Those forty years of sisterly photographs stuck with me. How had they pulled all four sisters together each year for forty years for a photo project? How special was that? It occurred to me that sometimes the closest that a person gets to an experience of a family is through a different relationship, somebody at church, even the kindness of a stranger or a coworker. The sisters showed up for the photographs year after year for four decades. Beautiful. I pondered my own family and our snapshot impressions.

In a writing class one year, the instructor asked each attendee to bring a childhood family photograph to class as part of a writing assignment. The next week, perfect portraits of sweet-faced families were circulated from person-to-person around the room. I wanted to climb inside one or two of them, to be part of that family for a day. In a way, we did just that, because the other part of the assignment was to write and then read the story behind the photo. Nothing in those perfect photographs prepared us for the reality of some. And it was clear then that nobody would be climbing into any photographs that day. Suddenly our own families were jubilant bosoms of validation, peace, and perfect harmony. (Duck! Here comes a shovel!)

A large family is just like a small one, only add every flavor of personality there is and cut down the living space. We were wonderful, yet flawed individuals with very black and white ideas about the way life was to go. When we weren't writing each other's script, time was spent in the jungle of survival, either laughing or building a booby trap. That's not to say there wasn't a lot of love mixed into each day.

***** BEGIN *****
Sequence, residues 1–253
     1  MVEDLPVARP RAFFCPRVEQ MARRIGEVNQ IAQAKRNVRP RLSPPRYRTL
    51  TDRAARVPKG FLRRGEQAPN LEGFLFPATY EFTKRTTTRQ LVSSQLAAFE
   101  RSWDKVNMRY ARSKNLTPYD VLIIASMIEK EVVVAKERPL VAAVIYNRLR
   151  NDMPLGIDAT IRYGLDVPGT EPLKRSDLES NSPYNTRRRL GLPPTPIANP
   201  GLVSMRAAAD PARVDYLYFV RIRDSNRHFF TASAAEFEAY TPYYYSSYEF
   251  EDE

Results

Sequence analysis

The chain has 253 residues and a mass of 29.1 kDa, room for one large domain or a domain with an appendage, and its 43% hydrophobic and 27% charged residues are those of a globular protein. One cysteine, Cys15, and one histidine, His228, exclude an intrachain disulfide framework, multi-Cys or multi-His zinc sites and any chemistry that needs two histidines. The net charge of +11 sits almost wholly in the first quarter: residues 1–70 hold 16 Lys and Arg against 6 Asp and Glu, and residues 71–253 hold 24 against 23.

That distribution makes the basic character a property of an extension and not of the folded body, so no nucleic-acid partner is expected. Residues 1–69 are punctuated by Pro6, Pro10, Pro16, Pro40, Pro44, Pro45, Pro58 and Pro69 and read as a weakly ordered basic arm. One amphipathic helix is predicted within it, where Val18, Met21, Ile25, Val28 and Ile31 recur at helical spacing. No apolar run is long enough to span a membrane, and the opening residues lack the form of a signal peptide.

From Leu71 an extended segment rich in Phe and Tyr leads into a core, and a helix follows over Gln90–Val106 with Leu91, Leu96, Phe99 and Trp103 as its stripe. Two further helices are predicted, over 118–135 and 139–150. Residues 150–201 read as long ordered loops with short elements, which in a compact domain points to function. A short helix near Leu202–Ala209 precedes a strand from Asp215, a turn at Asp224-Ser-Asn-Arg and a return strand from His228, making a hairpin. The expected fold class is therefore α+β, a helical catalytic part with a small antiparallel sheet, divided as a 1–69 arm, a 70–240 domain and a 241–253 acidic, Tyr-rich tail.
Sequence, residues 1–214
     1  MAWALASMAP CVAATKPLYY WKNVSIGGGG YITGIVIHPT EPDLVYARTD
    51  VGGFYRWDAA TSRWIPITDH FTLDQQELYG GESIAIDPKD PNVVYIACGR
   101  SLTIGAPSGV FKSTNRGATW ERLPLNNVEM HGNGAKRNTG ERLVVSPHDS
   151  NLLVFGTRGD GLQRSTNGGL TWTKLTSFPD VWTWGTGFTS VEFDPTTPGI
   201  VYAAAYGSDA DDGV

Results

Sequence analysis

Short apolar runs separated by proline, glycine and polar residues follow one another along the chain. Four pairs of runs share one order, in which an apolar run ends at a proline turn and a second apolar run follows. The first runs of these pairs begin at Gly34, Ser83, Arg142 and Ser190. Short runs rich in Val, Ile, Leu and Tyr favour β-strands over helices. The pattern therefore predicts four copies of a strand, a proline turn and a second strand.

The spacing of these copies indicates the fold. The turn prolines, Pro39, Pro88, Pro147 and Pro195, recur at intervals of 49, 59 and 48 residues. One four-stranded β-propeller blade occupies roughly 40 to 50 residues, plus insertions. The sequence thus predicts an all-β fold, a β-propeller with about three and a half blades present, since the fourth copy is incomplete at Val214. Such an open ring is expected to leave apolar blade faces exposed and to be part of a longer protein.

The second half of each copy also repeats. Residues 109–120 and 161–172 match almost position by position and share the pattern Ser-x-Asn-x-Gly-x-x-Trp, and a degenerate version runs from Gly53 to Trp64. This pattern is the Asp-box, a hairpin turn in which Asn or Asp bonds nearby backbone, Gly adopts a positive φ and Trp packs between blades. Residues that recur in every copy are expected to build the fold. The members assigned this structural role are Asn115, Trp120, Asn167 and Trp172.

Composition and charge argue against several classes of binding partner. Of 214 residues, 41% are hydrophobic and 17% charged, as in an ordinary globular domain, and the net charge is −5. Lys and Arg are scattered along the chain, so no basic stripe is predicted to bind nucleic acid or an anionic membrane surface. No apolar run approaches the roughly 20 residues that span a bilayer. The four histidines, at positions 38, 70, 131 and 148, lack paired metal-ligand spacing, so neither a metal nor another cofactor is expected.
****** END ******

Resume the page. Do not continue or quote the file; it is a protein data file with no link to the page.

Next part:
My hairstylist and friend, also from a large family, said his brothers held him down on the floor and covered his face in a sports cup. They said it was J-oxygen (as in oxygen). He rolled his eyes, laughed and shrugged. "And now I'm gay," he says.

Another intrigue of a large family is that each member tries to convince him or herself that they're the exception, more grounded than the others, which is a denial of the very thing that makes a large family copacetic: total oblivion.

We didn't have a photo taken each year that hasn't been desecrated with fangs, horns or witch's hats, but here's one of seven of the nine of us (plus the neighbor in the red dress.) Our two brothers that weren't in this picture are the two tall guys in the photo just below. I can't identify everybody by name, because, photographs are one of those risky areas, but I can reveal that's Mom in the upper right-hand corner. (I attempted to lighten the snapshot, but her skin remains dark, so maybe she was suntanned.)

While I love the forty photographs of the sisters and the powerful messages their body language implied, I think ours has one too, don't you?

pat steve tom.jpg


In closing, I'd like to wish you a blessed "holiday." In our family, we celebrate Christmas, so when I say Merry Christmas, it's with great love.

Merry Christmas and blessings to you and yours in the New Year!